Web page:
In a new study, researchers found a simple blood test could identify seemingly-healthy people with a high hidden risk of heart disease.
The research was conducted by a team at the University of Otago.
Researchers studied the blood samples and cardiology scans of 665 healthy young and middle-aged people with no previous heart conditions.
These were two quite different groups of healthy people—one group age 28 years, the other age 50 years—both without a history of heart or kidney disease.
The researchers found people with high levels of a hormone in the blood, called C-type Natriuretic Peptide (CNP), were much more likely to have stiffening of the arteries, reduced pumping action of the heart, higher fat levels in the blood and liver, and reduced kidney function—all signs of increased risk of heart disease.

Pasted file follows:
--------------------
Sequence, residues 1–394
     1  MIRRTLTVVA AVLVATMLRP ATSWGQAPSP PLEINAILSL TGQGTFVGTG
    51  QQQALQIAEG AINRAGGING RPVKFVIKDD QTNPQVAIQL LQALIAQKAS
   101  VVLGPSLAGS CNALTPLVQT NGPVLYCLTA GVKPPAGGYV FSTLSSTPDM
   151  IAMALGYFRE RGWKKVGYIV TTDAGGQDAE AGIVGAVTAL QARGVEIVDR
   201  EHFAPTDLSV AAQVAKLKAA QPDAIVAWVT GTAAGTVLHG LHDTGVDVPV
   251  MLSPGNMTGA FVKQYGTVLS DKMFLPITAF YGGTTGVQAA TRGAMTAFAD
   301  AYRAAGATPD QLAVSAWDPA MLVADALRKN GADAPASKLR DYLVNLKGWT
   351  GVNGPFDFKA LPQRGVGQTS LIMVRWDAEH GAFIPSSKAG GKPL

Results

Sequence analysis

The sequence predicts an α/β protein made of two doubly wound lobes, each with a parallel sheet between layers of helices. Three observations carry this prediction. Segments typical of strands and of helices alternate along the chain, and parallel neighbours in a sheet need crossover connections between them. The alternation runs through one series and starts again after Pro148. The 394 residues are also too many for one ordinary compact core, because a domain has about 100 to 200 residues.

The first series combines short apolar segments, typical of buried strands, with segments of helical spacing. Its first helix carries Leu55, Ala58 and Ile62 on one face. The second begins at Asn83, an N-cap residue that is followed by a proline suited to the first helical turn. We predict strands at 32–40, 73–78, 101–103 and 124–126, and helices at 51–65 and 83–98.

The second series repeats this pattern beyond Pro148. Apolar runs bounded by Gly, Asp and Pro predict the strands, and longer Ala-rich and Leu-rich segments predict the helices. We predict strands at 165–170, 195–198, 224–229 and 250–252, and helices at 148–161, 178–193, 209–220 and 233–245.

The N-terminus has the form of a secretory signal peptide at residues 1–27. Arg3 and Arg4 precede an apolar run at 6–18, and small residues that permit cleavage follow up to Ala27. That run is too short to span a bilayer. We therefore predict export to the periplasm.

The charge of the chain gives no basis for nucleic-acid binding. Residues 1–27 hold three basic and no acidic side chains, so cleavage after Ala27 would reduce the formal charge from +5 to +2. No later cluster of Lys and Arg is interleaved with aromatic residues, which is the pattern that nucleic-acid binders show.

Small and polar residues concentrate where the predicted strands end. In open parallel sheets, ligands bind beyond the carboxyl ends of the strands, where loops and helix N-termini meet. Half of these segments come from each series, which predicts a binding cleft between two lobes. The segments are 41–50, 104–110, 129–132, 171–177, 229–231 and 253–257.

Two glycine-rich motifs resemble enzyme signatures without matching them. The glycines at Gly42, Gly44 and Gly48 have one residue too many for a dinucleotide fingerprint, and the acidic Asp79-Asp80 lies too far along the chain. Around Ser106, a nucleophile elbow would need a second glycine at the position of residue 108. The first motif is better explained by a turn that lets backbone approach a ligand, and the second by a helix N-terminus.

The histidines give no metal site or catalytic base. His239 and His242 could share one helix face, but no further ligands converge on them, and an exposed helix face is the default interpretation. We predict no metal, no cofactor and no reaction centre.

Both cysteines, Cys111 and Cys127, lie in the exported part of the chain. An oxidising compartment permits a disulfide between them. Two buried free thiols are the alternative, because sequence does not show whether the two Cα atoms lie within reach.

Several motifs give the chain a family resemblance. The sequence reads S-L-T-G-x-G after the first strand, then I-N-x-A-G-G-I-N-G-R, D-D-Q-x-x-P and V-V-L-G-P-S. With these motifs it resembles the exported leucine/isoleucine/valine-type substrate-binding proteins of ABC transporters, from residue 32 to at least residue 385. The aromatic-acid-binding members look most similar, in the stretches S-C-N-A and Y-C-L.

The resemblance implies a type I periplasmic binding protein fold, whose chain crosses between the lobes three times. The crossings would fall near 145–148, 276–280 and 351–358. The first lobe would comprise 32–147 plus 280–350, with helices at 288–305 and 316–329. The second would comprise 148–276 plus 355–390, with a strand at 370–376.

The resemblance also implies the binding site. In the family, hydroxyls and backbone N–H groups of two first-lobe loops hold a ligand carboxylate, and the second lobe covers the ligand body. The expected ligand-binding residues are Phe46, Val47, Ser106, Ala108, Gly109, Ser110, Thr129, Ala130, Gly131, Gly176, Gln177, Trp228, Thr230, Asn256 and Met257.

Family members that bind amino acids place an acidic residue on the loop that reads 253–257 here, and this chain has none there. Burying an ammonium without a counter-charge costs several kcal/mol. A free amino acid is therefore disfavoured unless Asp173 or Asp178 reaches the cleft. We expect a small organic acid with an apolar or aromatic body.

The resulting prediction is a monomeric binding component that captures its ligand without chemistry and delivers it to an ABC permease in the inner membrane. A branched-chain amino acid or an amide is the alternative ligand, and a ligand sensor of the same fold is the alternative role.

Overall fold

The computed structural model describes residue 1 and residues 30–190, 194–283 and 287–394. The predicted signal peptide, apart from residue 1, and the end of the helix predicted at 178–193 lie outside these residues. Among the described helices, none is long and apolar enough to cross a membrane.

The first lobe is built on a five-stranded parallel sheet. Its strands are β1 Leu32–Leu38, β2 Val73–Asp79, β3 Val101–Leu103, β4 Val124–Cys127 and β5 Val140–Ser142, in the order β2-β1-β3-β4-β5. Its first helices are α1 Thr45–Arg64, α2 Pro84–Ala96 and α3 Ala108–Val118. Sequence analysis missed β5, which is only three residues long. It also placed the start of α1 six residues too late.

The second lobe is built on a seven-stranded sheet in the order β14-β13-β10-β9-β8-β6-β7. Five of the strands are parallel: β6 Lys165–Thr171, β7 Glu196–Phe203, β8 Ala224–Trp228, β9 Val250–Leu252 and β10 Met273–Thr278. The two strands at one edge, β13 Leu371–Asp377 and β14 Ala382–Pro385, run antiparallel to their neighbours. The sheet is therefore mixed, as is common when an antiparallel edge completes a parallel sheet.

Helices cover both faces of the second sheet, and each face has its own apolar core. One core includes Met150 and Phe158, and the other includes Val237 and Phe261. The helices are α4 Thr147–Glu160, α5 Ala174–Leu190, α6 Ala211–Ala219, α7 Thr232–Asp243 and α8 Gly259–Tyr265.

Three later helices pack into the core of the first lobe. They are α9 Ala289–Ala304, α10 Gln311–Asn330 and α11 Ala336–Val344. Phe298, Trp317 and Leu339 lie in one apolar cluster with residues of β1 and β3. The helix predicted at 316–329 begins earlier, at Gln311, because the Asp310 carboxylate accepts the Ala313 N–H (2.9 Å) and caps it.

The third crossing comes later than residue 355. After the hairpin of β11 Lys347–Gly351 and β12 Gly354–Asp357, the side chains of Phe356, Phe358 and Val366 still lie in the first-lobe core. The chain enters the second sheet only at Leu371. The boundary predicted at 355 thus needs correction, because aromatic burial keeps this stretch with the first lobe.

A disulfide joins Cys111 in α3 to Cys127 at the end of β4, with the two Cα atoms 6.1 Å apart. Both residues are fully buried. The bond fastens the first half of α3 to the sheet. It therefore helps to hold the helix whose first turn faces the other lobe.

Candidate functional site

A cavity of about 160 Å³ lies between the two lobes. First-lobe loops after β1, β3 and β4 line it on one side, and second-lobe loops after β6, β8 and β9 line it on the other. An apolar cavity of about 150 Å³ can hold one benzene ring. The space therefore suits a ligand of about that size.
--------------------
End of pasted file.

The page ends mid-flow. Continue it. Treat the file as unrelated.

The team says CNP seems to protect arteries from hardening and blocking. This means it is working hard and present at higher levels in those with potentially poor, and undetected, cardiovascular health.
Inflamed and blocked arteries can cause numerous physical problems including scarring and stiffness and damage to organs such as the heart, liver, and kidneys.
The finding that CNP acts to protect the body is key to helping save lives through early detection of serious conditions such as atherosclerosis, which can lead to a heart attack or stroke.
The discovery could one day enable doctors to identify those people whose lives could be saved from a future heart attack by interventions such as drugs or lifestyle changes.
The study is the first to describe a link between the blood hormone CNP and inflammation across a range of tissues including arteries and the heart.
One author of the study is Dr. Tim Prickett.
The study is published in Peptides.
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